Environmental Effects of Trade – Development and Destruction

Behind its glorious appearance of hiking GDP, international trade has also caused irreversible destruction on ecosystem, especially for developing countries in the tropical area. The development of comparative advantages for emerging markets and deepening of global economy interconnection come with a price in terms of pollution, greenhouse gases, deforestation and desertification.


Tropical Countries suffer

International trade can affect sustainable economic development and environment several ways. First, the profit-seeking pressure from free trade can encourage production activities to shift to places where the environment is less sustainable, such as coffee beans planting and logging in Tropical countries. Second, trade liberalization changes the pattern and level of world consumption as well as production, and the effects of these changes go beyond the economic terms into both environmental and ideology terms. Third, trade influences the process of economic development, creating fresh opportunities for the profitable use of productive resources.

Since the 1980s, the increasing the demand for agriculture, crop and livestock products grew accompanying with the rising global trade. With relatively low competitive products, developing started their trade by exporting natural resources in exchange of the capital-intensive goods such as machinery. As a matter of fact, countries in the tropics are among the largest global exporters of key agricultural commodities such as oil palm, rice, soybean, sugarcane and cassava.

However, the only choice to catching up with the surging demand with limited territory is to convert their forest for agricultures and livestock production, which caused a unmeasurable environmental loss totaling US$1.7 trillion in terms of biological diversity and ecosystem balance. The red list on International Union for Conservation of Nature and Nature Resources states that up to 30% of species threats are due to international trade with developed countries such as the UK and US in products grown using destructive practices.

Amazon Forest – More Worries Ahead

chart-amazonThe dispute on Amazon forest has been a hot environmental issue for a long time. Although the primary cause for deforestation in the Amazon forest is the mismanagement of Brazil government regarding the excessive cattle ranching and commercial logging, international trade does play an crucial role in accelerating the process. Natural depletion of fuel woods, fruits, nuts, mushrooms has push the eco-system in the verge of collapse and an urgent argument of international  collaboration are proposed.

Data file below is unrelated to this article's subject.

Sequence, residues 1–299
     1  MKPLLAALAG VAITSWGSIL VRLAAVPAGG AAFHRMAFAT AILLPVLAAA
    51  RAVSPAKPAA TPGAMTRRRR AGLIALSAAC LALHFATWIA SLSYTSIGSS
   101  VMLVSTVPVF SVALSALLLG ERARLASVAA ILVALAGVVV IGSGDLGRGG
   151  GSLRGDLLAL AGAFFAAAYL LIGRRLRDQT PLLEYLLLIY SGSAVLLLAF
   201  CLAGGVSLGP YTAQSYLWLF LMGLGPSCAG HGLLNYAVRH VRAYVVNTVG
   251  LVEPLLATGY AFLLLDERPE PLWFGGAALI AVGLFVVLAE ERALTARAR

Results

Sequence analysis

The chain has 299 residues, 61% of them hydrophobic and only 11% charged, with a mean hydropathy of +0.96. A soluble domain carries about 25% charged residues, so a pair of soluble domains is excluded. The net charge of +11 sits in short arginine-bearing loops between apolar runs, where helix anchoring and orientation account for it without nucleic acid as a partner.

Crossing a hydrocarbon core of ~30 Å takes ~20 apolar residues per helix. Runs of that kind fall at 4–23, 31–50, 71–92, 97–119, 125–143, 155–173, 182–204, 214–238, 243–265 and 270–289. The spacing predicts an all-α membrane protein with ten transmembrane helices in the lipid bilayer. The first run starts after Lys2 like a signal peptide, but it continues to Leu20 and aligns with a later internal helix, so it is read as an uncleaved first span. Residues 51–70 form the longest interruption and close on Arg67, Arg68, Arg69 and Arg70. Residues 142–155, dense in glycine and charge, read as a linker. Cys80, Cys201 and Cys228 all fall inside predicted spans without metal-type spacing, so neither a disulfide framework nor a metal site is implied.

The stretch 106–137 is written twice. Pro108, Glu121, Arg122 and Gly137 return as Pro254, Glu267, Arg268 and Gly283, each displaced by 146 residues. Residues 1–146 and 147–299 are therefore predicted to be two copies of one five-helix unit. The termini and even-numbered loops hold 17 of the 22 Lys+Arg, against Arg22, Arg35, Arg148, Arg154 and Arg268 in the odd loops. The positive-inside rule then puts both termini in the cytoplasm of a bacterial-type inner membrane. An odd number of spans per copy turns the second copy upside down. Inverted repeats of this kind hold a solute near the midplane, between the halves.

In 2007, Greenpeace also came up with a plan to stop deforestation in the Amazon by creating financial incentives to promote forest protection and in 2009 climate change negotiations in Copenhagen, the “Redd” mechanism proposed that richer countries could offset their carbon emissions by paying to maintain forests in tropical regions. By no means, we can see from the charts above that Brazil did implement sone of these suggestions, yet more aggressive and  efficient way of protect this ‘lung of earth’ shall be in plane in the following years.

Green Label – Positive Progress

From 1990s, the European Council Regulation encouraged “environmentally-friendly” packaging of all products traded within the EU. Plenty of manufacturers viewed this “green packaging” measurement as discriminatory and a barrier to free trade, especially for Germany which failed to get approval from EU for its supposedly “eco-friendly” packaging. Although the large scale of adjustment for production line was not cost effective at the time, this policy proved to be a helpful step toward an environmentally-sound Union.

Next Step

Traditionally, we argue that free trade can benefit countries and create a win-win for both parties, yet taking the environmental factor into account, there are indeed winer and loser in trade: For the importing country, any decrease in resource depletion of the imported product represents an additional gain; For the exporting country, the environmental cost of supplying the global market is am additional loss. 

However, the trade-off between economic development and environmental destruction is reconcilable. As incomes rise, demands on resources increase, but at the same time, income growth can also lead to more effective demands for better environmental quality.

In addition, increased incomes make investment in resource-conserving strategies both more affordable and more attractive. Higher incomes and better employment opportunities widen the range of choices thus leaving fewer rural people dependent on environmentally fragile areas, such as steep hillsides, for subsistence.

Technology enhancement for the production process is important for sustainable growth, and an international consensus to put the healthy eco-system in the priority shall be settled sooner than later for the greater good.